Nokia’s Networks’ $16.6 billion takeover of Alcatel-Lucent is pushing forward, though not without a bit of controversy.
The deal, designed to take two networking vendors that are in transition and create a formidable company that can compete with the likes of Ericsson, Cisco Systems and Huawei Technologies, already has received approval from regulators in the United States and Europe, among other places.
Now, in an effort to curry the favor of Chinese officials, Nokia officials have entered into a joint venture with Chinese investment firm China Huaxin to create what will be called Nokia Shanghai Bell. Nokia will hold a 50 percent-plus-one share of the joint venture, which will bring together Nokia’s telecommunications infrastructure business in China with Alcatel-Lucent Shanghai Bell, an existing joint venture between Alcatel-Lucent and China Huaxin.
According to a memorandum of understanding (MoU) between Nokia and China Huaxin, the new joint venture will be a boon for both the Chinese telco market and both companies. It also puts the Finland-based Nokia in a strong position to support initiatives under way by the Chinese government—called “Internet Plus”—to drive economic growth by integrating Internet technologies with manufacturing and business efforts, and to help establish stronger links between China and Europe, according to President and CEO Rajeev Suri.
In addition, Suri expects it will ease the approval process for Nokia’s acquisition of Alcatel-Lucent.
“With this MoU now in place, we will also work closely with our new partners to make the case for swift approval of the proposed combination between Nokia and Alcatel-Lucent by the appropriate Chinese authorities,” he said in a statement.
The acquisition, announced earlier this year after more than two years of on-again, off-again negotiations, will create the world’s second-largest network equipment vendor, behind Ericsson. In 2014, the companies combined generated $27.5 billion in sales and $2.45 billion in profits, more than $5 billion in R&D (including money for Alcatel-Lucent’s and Nokia’s FutureWorks program) and net cash of almost $7.9 billion.
Both vendors have had their share of changes over the past few years, with Nokia ending its networking partnership with Siemens and Alcatel-Lucent going through another of several restructurings since the merger of Alcatel and Lucent in 2006, this one called the Shift Plan.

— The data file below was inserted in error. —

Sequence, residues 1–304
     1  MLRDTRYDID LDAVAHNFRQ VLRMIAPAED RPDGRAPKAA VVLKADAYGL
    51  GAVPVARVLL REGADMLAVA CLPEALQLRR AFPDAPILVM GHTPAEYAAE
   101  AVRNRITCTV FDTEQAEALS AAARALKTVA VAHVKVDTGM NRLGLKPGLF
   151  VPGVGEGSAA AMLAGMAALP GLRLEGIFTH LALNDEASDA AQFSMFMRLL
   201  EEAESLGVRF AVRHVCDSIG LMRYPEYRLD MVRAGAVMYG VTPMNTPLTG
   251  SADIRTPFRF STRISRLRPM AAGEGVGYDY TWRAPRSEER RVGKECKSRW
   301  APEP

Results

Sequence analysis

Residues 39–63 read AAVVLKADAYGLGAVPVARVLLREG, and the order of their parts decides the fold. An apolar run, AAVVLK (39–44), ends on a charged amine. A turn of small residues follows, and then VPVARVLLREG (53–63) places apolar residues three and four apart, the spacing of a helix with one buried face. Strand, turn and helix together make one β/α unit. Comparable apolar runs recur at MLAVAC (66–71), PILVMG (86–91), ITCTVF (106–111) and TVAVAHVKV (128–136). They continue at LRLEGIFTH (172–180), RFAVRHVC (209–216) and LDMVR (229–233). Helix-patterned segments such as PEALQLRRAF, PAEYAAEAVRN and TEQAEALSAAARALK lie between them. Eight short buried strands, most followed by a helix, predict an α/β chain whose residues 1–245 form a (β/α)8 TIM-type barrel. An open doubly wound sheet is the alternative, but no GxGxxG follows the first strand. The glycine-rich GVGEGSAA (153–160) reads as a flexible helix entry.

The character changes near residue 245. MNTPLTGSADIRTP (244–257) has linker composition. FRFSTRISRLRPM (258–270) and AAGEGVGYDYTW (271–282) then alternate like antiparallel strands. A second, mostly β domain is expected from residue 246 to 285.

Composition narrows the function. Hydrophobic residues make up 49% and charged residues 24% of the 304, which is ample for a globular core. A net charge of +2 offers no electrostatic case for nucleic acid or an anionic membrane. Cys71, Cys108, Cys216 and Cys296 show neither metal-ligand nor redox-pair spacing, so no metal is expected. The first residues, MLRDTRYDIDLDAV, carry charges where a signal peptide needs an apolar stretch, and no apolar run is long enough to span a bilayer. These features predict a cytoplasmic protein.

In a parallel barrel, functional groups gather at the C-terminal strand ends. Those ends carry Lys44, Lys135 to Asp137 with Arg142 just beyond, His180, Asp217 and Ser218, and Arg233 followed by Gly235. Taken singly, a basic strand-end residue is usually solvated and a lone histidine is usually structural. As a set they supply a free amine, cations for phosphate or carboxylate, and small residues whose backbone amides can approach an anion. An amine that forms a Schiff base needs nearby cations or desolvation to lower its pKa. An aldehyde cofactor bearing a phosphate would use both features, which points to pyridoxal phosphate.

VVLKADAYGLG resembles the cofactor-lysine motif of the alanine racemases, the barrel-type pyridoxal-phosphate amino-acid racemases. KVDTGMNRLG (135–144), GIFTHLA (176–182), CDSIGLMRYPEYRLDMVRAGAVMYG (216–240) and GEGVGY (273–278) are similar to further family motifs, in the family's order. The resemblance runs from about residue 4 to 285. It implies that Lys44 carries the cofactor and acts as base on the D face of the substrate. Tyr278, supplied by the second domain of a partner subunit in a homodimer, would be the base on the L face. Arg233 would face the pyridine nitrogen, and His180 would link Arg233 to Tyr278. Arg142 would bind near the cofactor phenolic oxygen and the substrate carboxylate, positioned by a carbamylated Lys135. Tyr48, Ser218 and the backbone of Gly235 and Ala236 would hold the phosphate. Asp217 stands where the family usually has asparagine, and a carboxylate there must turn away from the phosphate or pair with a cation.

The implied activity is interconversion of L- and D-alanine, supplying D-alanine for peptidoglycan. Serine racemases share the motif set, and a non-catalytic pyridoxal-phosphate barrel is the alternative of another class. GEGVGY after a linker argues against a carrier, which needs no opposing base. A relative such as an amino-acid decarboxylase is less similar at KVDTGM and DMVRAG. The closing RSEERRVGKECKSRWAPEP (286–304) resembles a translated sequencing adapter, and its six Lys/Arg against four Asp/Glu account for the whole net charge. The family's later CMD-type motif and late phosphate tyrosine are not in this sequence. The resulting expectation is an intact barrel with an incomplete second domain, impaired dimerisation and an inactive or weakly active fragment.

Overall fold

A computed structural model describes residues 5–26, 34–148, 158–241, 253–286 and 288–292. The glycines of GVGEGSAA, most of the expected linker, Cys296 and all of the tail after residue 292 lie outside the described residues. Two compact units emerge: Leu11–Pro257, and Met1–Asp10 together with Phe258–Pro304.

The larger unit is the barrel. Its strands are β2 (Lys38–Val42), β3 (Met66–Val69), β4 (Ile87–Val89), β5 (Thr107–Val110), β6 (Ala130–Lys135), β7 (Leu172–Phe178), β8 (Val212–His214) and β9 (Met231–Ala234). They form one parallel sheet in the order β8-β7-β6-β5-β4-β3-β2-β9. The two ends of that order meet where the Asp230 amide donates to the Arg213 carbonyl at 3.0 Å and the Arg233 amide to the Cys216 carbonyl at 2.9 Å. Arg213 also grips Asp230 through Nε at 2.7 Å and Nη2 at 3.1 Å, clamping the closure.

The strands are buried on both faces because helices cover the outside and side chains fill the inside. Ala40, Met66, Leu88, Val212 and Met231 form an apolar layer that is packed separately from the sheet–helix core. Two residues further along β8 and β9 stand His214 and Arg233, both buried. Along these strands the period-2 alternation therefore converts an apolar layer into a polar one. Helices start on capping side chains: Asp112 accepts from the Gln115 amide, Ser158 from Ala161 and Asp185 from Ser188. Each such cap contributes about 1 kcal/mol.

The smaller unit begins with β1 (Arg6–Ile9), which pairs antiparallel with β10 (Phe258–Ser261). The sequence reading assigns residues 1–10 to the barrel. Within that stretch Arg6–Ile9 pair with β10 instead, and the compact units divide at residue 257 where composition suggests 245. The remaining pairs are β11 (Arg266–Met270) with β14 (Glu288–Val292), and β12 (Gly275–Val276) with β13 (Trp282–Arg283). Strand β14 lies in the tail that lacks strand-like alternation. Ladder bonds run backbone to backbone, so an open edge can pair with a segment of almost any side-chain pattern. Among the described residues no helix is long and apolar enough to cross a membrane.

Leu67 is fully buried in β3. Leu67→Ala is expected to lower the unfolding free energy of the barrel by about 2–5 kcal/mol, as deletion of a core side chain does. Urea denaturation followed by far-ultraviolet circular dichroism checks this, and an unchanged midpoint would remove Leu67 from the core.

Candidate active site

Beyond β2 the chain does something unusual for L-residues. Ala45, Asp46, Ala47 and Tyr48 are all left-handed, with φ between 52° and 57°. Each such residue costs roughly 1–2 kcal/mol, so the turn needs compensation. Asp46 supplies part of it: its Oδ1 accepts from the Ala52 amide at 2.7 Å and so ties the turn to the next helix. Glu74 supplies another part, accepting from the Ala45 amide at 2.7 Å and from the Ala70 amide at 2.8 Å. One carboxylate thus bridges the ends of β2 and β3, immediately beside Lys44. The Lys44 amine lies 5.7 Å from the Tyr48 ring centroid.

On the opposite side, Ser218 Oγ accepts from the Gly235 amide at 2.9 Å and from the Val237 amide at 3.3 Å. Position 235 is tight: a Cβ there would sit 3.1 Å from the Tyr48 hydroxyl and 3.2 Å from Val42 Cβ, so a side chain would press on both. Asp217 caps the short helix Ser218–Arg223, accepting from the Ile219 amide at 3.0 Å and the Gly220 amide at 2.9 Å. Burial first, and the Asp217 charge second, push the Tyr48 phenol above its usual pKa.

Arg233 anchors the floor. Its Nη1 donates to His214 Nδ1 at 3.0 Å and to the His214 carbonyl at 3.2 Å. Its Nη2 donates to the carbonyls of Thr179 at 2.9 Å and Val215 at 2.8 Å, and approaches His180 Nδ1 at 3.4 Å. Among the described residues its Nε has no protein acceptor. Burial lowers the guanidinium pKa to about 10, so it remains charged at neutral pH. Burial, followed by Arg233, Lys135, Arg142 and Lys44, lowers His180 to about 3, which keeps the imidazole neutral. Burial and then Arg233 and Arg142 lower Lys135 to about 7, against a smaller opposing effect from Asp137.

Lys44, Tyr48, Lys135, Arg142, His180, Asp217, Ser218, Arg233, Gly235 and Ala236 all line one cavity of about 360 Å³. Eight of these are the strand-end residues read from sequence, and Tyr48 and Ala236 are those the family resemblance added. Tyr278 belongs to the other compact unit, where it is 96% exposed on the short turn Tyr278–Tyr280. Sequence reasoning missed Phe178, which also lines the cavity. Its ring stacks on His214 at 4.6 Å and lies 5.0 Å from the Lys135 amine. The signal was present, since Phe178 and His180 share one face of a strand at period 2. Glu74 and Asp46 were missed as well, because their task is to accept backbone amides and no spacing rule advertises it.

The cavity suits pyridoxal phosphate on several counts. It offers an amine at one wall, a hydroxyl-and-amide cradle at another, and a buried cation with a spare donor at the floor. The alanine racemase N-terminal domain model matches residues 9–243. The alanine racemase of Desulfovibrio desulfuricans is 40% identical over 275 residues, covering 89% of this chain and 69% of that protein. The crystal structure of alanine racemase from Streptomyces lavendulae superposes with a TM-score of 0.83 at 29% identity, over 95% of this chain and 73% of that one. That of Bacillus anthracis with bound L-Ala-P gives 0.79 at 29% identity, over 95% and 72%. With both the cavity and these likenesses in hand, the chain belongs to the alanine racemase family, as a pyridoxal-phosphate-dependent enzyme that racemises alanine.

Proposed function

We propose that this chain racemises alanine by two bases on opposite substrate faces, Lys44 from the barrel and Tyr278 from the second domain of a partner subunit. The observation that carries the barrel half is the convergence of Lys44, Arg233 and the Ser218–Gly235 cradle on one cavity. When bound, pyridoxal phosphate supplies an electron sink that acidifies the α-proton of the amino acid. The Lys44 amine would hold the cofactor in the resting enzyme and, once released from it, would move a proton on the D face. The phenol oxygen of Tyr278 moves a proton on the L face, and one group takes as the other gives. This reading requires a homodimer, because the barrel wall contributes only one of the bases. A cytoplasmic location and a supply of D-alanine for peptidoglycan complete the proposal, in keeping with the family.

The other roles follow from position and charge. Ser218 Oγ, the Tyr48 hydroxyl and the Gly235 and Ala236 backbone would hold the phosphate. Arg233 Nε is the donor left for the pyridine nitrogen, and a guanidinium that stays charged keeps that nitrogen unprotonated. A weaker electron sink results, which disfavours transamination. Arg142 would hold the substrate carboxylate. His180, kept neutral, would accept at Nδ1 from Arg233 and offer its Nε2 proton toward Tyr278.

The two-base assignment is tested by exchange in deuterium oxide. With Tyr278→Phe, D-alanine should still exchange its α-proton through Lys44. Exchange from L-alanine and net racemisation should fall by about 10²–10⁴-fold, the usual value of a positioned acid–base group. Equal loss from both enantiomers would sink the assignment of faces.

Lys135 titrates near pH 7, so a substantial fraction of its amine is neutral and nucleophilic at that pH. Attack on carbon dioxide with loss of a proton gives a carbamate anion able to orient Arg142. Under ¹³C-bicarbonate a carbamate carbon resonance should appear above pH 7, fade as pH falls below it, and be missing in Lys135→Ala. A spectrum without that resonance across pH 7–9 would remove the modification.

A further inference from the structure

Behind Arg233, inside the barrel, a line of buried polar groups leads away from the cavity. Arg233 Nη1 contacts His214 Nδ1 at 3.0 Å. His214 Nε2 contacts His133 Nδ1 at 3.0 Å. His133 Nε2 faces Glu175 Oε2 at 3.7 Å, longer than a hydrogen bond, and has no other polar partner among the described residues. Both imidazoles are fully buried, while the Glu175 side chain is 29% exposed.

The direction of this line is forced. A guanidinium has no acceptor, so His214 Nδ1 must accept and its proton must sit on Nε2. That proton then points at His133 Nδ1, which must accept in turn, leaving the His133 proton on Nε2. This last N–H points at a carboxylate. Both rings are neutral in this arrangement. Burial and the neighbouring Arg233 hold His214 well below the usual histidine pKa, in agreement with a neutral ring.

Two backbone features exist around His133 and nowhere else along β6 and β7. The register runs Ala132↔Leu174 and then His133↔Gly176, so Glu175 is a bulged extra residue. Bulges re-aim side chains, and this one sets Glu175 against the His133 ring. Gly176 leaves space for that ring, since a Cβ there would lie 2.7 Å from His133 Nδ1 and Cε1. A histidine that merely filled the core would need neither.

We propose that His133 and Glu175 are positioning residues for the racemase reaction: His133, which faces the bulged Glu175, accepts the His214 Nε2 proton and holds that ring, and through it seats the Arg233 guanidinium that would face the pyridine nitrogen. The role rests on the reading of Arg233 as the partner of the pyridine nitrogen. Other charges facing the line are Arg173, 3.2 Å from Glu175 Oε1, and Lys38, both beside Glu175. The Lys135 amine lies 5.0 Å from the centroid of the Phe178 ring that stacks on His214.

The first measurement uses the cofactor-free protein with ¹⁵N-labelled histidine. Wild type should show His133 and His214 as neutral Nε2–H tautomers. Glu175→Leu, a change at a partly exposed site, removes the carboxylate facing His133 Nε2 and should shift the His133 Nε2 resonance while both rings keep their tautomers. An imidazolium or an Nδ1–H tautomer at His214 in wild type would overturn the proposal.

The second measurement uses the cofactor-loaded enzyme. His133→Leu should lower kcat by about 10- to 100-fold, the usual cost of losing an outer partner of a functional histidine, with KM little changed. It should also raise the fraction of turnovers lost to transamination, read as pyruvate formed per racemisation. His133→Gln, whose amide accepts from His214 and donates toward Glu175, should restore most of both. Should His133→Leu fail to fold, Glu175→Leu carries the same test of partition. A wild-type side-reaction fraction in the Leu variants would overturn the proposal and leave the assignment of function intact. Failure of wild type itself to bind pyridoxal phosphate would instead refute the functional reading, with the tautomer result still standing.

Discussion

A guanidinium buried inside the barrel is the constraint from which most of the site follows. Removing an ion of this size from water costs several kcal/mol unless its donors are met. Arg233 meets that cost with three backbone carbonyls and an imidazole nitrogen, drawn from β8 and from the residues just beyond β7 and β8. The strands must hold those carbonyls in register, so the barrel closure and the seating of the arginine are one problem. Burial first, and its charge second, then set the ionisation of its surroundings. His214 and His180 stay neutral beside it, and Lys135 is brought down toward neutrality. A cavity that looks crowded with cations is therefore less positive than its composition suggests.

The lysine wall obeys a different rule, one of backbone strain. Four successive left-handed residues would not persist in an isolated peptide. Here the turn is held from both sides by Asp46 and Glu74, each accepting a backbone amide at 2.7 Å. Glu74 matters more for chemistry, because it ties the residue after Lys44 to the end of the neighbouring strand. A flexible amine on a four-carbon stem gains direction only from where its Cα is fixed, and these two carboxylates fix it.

Since the deal was announced, it was understood that Suri will assume the CEO position of the merged company, with Alcatel-Lucent CEO Michel Combes exiting the business. In August, it was learned that Combes, who engineered the Shift Plan in hopes of streamlining the business and reducing costs, will become chairman of French telco Numericable-SFR and chief operating officer at Altice, an investment arm of billionaire Patrick Drahi and the controlling organization of Numericable-SFR.
However, as part of the buyout, Combes will receive $15.7 million over three years, a figure that reportedly has drawn the ire of both the French government and workers unions. Combes reportedly has refused to give up the bonuses, which he said were not tied to the Nokia deal but instead were paid to him because of how well he did his job as Alcatel-Lucent’s top executive.
Combes, who leaves Alcatel-Lucent for his new jobs Sept. 1, told French news organizations that under his watch, Alcatel-Lucent was able to avoid bankruptcy and its share price increased.
However, French politicians and union leaders noted the high unemployment in France—hovering around 10 percent—and stagnant economy; they said that Combes’ bonuses look particularly poor given that backdrop. In addition, his Shift Plan, while reviving Alcatel-Lucent’s fortunes, also led to job losses for about 10,000 employees.
“In today’s world and with the problems people face one needs to have a bit of common sense, proportion and restraint,” French Finance Minister Michel Sapin reportedly said on France Info radio Aug. 31. “And in this case Michel Combes hasn’t. [He must] try to understand how this looks to others, to the French, and from there take good decisions. He still has time to do so.”
Herve Lassale, an official with CFDT, the largest union at Alcatel-Lucent, told French journalists that “employees who saw the amounts announced at the weekend were no doubt sick. They are indecent considering the social problems of recent years.”
Editor’s note: This story has been changed to note that Nokia is based in Finland.